Commenting on the Government's proposals to ban junk food advertising, Andrew Allison, Head of Campaigns of The Freedom Association, said:
"It is disappointing that Boris Johnson, who has always been regarded as a libertarian on these issues, is proposing banning adverts for what the Government regards as unhealthy food.
"These measures will not work. Government interventions like this never do, but they will have unintended consequences. Those who work in the advertising industry and work for commercial broadcasters could lose their jobs as a result of reduced revenue.
"The Government should ditch these proposals before it's too late."
Andrew Allison, Head of Campaigns
The death of George Floyd in Minneapolis has horrified the world. Derek Chauvin, the police officer who pinned him down with his knee on his neck, despite Floyd clearly telling him that he could not breathe, cannot be justified, and it is correct that Chauvin and his three former colleagues are prosecuted. But that did not justify the scenes we witnessed in central London yesterday.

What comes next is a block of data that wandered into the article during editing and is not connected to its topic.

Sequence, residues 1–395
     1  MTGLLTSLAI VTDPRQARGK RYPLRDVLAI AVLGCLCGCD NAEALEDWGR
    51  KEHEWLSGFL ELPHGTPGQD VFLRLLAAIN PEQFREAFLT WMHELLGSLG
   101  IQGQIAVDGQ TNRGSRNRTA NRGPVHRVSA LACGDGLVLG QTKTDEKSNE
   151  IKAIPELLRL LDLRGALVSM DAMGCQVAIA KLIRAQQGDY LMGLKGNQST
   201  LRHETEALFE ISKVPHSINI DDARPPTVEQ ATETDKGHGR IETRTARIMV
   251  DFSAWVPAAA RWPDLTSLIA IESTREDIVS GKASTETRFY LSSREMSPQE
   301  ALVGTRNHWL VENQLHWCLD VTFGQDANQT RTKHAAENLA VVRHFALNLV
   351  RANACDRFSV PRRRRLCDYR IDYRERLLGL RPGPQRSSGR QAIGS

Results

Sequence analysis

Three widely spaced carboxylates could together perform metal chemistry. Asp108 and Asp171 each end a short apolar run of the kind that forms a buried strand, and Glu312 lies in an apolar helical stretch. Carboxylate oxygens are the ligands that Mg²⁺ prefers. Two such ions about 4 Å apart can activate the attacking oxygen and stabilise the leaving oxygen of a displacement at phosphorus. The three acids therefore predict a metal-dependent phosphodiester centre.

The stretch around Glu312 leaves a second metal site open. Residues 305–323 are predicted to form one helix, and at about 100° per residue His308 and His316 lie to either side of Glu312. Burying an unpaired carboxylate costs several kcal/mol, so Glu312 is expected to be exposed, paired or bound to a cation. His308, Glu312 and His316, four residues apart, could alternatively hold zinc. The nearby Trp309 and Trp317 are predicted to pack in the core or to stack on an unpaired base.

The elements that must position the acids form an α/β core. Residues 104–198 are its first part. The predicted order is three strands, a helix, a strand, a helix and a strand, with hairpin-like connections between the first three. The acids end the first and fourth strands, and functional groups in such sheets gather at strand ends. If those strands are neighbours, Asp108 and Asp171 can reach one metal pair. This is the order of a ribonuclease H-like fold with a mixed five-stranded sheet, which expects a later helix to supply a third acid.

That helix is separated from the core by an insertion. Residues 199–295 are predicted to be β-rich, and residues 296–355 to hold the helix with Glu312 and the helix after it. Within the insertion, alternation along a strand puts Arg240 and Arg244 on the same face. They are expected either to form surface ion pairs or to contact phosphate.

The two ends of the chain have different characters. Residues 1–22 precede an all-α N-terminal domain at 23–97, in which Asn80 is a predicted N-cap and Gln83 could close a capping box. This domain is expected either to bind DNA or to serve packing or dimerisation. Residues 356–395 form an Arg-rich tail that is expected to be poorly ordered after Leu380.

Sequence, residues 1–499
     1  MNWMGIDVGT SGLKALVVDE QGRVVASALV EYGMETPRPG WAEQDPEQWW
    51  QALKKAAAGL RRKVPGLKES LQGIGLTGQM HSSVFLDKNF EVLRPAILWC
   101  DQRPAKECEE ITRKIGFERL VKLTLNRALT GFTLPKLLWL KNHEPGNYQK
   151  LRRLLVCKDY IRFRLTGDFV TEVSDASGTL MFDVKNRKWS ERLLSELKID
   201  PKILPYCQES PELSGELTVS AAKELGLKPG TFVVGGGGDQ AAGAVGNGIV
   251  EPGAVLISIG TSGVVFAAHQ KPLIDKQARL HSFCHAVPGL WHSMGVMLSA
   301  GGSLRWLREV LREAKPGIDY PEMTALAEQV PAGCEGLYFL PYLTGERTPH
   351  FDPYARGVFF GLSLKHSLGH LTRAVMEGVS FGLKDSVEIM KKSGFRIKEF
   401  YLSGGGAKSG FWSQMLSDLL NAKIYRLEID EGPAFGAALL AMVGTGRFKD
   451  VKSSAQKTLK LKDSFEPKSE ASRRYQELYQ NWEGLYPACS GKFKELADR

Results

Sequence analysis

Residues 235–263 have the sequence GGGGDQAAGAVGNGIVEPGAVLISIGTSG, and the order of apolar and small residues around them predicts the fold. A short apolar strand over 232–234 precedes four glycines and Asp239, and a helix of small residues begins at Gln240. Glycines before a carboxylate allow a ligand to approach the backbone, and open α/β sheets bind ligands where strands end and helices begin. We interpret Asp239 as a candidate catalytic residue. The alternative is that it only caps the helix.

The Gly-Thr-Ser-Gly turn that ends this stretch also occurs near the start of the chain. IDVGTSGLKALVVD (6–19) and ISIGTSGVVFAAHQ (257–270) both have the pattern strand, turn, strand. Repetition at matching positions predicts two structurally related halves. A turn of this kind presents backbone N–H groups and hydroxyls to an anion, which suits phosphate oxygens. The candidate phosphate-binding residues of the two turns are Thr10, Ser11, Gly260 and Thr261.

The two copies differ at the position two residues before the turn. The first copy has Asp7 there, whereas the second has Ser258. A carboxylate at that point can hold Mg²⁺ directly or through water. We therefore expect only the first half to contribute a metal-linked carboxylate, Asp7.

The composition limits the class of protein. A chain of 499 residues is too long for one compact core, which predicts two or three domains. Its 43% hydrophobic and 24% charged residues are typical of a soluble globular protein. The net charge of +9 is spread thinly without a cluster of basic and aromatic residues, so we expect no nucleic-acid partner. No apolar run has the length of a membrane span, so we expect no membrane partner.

I was genuinely shocked when I saw a picture of the protest in Hyde Park yesterday afternoon. We still have a right to protest; of course we do, but during the current restrictions we have to protest in a way that does not spread COVID-19. This begs the question: why were so many people allowed to congregate breaking social distancing guidelines?Read more
From Andrew Allison, Head of Campaigns
The number of deaths from COVID-19 in South Korea, at the time of writing, is 246. Compare that with over 21,000 deaths in U.K. hospitals alone. And although it is thought that we have reached the peak of the current outbreak, there are still over 500 people a day dying in our hospitals, with additional deaths in care homes. So how did South Korea do it? This article in The Guardian gives us an explanation:
“By the time the World Health Organization issued its plea in mid-March for countries to “test, test, test”, South Korea had spent weeks doing just that, quickly developing the capability to test an average of 12,000 people – and sometimes as many as 20,000 – a day at hundreds of drive-through and walk-in testing centres. The mobile centres conducted the tests free of charge within 10 minutes, with the results were [sic] sent to people’s phones within 24 hours. By mid-March more than 270,000 people had been tested.”Read more